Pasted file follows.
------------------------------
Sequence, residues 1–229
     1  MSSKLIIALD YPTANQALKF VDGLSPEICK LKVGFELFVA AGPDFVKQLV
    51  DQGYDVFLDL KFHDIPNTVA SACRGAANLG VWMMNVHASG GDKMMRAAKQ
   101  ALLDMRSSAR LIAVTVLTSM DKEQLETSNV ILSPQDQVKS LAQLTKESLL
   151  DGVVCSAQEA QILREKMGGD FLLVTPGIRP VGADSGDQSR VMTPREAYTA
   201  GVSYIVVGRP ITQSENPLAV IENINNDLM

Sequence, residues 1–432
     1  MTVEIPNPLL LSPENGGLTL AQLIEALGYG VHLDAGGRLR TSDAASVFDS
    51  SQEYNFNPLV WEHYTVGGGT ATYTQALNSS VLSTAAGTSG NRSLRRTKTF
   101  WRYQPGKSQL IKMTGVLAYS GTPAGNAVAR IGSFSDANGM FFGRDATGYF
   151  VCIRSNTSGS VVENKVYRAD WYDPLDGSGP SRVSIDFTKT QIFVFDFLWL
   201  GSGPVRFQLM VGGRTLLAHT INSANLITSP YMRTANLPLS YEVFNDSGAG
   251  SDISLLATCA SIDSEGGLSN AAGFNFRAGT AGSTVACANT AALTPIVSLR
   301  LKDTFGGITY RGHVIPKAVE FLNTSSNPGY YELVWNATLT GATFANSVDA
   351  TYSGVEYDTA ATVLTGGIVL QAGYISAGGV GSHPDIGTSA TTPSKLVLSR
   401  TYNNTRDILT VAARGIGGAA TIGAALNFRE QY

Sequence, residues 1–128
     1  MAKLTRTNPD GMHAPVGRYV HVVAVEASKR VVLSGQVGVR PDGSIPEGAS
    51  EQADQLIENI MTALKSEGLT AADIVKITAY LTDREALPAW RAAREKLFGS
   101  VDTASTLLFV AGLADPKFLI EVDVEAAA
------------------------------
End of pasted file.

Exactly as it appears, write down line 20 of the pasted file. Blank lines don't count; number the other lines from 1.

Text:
   101  VDTASTLLFV AGLADPKFLI EVDVEAAA